What’s next for the free Kenyan press

When the Alfred Friendly Press Fellowships was established 28 years ago,  the government in Kenya was not the sort that encouraged newspapers to publish whatever they wanted.

There was only one broadcaster, and this state-owned and controlled, so either the TV at home was off or tuned to the national broadcaster, and that was in the habit of giving a detailed account of the president’s day as its chief news item.

Today there are four established national newspapers, numerous magazines, five television stations with day and night news programmes and more than 30 FM stations.There is virtually no limit on what journalists can write about and Kenya is now said by The Huffington Post to be at the centre of one of the busiest new markets for global channels.

But is the media free?

Many observers of the press in Kenya have been quick to mention the raid on the offices of the Standard Group in 2006 whenever we discuss the extent to which journalists in my country have freedom.

The raid featured masked men storming into the newsroom of The Standard newspaper and KTN, a TV station, carting away equipment  and smashing computers. They also forced the TV station to go off air, harassed employees  and generally did the kind of stuff you would expect from goons out to make a scary impression. At the newspaper’s press, they made a bonfire out of the papers due the following day. There was naturally a furore about that. It didn’t help that the minister involved told reporters the media house had rattled a snake, which had naturally bitten it.

It’s fitting and proper to mention that rare incident because it provides a perfect backdrop against which we can see the ability of the press in Kenya to bounce back.

Last month, two journalists from the Standard Group produced a series of TV features about a bunch of foreigners who were involved in that raid and the connections in government and with drug barons that made all that possible.

It is instructive to note that apart from a feeble statement of denial from the Kenyan police, Mohammed Ali and Dennis Onsarigo have remained free – there was an apparent attempt to prosecute Ali over a stolen phone but that is minor.

There exist no guarantees but there is little chance a similar raid can happen in the light of the new Constitution with its wholesome Bill of Rights.

Still, there are limits and ongoing debates related to hate speech, libel and slander and continuous attempts to gag the press via statutes.

Kenya’s press can be said to be free. Covering Parliament, we get access to all manner of documents, can attend and report about an overwhelming number of meetings and often get the chance to ask policy-makers questions.

But judging from what I have observed at The Kansas City Star, we could still take this freedom further.

Take the case of Emanuel Cleaver II, a Missouri Representative. One of the reporters at The Star picked up a report in April that the representative guaranteed a loan that his business is unable to pay.

It naturally took a lot of calls (and a fair amount of expletives on those calls) to get the story out and to put the man on the spot for this $1.3 million that the taxpayer would eventually have been forced to pay.

The reporter was able to get the information because of the ease of access to government records. He certainly did not have to harass a clerk at the state headquarters to get it.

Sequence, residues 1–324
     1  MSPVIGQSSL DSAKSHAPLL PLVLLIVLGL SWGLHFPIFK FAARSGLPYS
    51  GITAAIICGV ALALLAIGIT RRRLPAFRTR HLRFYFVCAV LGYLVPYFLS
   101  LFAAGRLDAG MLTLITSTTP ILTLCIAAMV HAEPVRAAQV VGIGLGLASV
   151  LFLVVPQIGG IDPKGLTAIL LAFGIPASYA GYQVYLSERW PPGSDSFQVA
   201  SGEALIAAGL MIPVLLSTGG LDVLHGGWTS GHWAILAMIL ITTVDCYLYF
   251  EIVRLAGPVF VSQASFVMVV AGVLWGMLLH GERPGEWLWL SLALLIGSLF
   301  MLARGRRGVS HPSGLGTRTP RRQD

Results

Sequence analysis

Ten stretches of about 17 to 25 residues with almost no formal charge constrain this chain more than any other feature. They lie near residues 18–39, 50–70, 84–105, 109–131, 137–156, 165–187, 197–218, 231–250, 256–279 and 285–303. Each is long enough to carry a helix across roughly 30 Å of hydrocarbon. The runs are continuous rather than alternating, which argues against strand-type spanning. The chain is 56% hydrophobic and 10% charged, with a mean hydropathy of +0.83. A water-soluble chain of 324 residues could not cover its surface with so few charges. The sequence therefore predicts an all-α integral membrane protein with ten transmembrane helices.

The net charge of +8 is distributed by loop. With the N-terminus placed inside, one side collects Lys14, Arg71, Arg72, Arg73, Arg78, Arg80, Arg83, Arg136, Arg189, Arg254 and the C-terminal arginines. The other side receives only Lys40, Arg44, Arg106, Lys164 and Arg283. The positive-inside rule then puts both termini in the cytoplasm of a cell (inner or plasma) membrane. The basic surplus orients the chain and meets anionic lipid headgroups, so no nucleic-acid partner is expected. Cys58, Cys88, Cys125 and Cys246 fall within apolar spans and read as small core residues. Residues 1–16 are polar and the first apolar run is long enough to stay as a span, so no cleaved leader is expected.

In another recent case, when the county medical examiner refused to comment on a case, the information was obtained via a Missouri Open Records request.

Last year, when Olympics marathon champion Samuel Wanjiru died, the Government Pathologist allowed the media to watch when he visited the scene as part of his investigations.

But it was virtually impossible to get him to speak about the matter on the record. Without any legal tools to compel him to even produce the report on Wanjiru’s cause of death, we often found we were running up against a wall on the story.

It is just one case where a press that is free finds soft shackles exist in the form of public servants who simply refuse to talk or provide documents that are not in any way secret or matters of security.

There have indeed been credible suggestions that the necessary legal tool would be in the form of a statute on Freedom of Information. It would be handy to compel government and other public bodies to release information that is due to citizens.

That, so far, seems to be the way to expand the freedom the press so rightly enjoys.


The last two weeks have been mostly been spent working on a story about a cowboy. Daryl Levings, the editor in the Features Section, was of the idea that the story should be told with snippets of the writer’s point of view.

It is about a cowboy who has been a sort of guardian for some five kids from his neighbourhood by training them on caring for horses and eventually on team roping.

That story was partly the reason my stay at Features was lengthened by a week. It should be published in a week or so.

It mainly taught me there are many ways to tell a story and there are therefore many ways to write a feature.

There was also another about mountain lions, otherwise known as cougars or pumas, that have been travelling up to 1,000 miles to get to Missuori. Although the reporting for this was entirely on phone and online, the responses have been interesting.

“I know I was not going mad the other day when I saw a mountain lion near the lake at Raytown last weekend,” he said in a voicemail message. “I thought I had seen a large dog but after looking at the picture in your story, I know what I saw was a mountain lion.”


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